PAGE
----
Frore Demos Solid-State AirJet Cooler in Action: Significantly Improving Both Laptop and SSD Performance

In recent months, Frore Systems has been turning heads with their fanless solid-state air cooler technology. The AirJet, as it’s come to be called, was previously shown off at CES this year; and for Computex, the company is back with a fresh round of demonstrations.

For the show, Frore has a number of demonstrations running in a fairly large showroom. The company is looking to address a wide range of products, from tablets to notebooks to small PCs, as well as embedded tablets. But there were two showcases in particular that caught my immediate attention: a Samsung Galaxy Book with and without Frore’s AirJet, and an 8 TB Sabrent SSD in an external enclosure.

The Samsung Galaxy Book 2 Pro is an ultra-thin notebook that is normally cooled by a fan that, as argued by Flore, does not do its job properly. According to the company, the stock laptop only has enough cooling capacity to sustain 12W heat/power before it hits Tmax, whereas a retrofitted version with Frore’s AirJet installed allows it to hold steady-state operation at 16W – and consequently delivering higher performance. In terms of Cinebench R23 multi-threaded results, we are talking about 5330 points for the modded notebook, versus 4255 for the off-the-shelf Galaxy Book 2 Pro.

The potential use cases for Frore Systems’s AirJet solid-state cooling technology do not end with CPUs, either. As mentioned previously, the company is also demonstrating the AirJet Mini on Sabrent 8TB SSDs in Orico external enclosures, showcasing the advantage of the silent active cooler over passive cooling. The passively-cooled drive reached 62°C and leveled out at 1,320 MB/s due to thermal throttling. In contrast, the AirJet-cooled drive maintained a temperature of 42°C and achieved a considerably higher performance of 3,016 MB/s.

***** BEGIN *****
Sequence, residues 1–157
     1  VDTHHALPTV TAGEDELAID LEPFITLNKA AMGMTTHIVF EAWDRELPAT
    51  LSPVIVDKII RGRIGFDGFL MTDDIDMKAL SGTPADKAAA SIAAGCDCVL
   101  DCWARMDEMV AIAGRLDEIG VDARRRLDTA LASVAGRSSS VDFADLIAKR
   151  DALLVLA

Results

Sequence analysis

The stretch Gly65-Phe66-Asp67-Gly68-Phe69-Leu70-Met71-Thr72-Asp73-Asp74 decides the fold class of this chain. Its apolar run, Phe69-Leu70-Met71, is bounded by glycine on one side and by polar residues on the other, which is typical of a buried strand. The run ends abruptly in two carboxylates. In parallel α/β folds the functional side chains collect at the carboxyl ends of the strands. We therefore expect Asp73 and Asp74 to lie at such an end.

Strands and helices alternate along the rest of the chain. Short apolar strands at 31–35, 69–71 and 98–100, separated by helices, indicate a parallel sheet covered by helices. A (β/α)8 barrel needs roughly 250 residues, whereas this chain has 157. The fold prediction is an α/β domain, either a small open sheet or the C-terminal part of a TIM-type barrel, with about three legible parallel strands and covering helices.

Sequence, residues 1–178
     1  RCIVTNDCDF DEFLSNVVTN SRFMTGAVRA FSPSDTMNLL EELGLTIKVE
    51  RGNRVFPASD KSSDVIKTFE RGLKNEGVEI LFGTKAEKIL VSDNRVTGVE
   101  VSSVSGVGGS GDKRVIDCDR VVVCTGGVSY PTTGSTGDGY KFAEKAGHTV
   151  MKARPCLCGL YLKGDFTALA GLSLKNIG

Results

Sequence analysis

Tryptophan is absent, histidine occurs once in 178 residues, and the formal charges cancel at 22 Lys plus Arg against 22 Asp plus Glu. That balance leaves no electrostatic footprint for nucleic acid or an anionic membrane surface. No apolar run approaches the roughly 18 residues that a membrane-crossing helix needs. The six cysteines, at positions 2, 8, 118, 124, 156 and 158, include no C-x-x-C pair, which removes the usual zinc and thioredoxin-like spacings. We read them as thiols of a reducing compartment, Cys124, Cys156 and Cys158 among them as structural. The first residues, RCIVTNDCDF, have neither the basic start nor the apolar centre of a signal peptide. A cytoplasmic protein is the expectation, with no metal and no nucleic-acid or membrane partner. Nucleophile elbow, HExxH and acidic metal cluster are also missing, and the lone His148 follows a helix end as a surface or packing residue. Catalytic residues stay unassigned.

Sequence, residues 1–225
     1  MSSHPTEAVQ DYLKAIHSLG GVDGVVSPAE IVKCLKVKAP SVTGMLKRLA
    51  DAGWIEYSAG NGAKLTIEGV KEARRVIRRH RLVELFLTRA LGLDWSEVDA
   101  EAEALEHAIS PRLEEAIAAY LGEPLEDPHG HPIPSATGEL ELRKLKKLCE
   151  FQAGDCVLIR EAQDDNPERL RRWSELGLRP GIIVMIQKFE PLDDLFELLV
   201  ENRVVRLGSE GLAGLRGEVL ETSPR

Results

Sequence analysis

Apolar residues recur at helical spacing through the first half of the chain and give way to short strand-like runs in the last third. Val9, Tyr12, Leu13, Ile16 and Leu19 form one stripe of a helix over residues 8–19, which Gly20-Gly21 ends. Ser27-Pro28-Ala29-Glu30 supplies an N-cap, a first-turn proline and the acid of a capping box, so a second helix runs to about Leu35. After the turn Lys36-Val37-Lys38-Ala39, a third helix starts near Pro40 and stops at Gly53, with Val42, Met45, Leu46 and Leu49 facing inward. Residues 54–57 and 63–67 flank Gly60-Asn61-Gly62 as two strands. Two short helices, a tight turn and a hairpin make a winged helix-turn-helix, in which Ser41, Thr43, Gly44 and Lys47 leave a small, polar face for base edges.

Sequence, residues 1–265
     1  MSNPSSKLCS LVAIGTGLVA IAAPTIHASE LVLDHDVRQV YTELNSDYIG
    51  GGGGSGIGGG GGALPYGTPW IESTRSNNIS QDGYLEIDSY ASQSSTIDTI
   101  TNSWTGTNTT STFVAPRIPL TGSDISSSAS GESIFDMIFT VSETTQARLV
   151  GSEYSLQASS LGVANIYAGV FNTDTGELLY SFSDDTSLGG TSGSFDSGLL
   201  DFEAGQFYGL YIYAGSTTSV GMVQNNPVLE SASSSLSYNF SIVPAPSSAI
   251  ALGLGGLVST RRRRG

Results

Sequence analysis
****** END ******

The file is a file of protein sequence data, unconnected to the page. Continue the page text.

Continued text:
According to Frore, this significant improvement in both temperature and performance has already led to one major external SSD vendor adopting AirJet technology to improve the performance of their drives. Unfortunately, Frore isn’t naming any names, only stating that it’s a “big name.”

Now, Frore’s AirJet Mini and Mini Slim coolers can dissipate up to 5W of power each, and can be combined in to larger blocks of up to 5 coolers (we are talking about announced solutions, technologically scaling could he higher, but this is an entirely different conversation). So the technology does have some scalability limitations that makes it best-suited for lower-power devices. None the less, removing 25W of thermal energy from a modern laptop without a fan can make a huge difference in the performance of these normally passively-cooled devices.

Of course, the main goal for these Computex demos is far more than just showing off AirJets to the public; what Frore would really like to do is to land a deal for its solid-state cooling solution with a major PC vendor (e.g., Apple, Samsung, etc.). Though to do that, Frore has to pass qualification tests and ensure availability of its products, which is something the company says it’s currently working on. Meanwhile, from performance point of view, especially given their dimensions, AirJets look very impressive.

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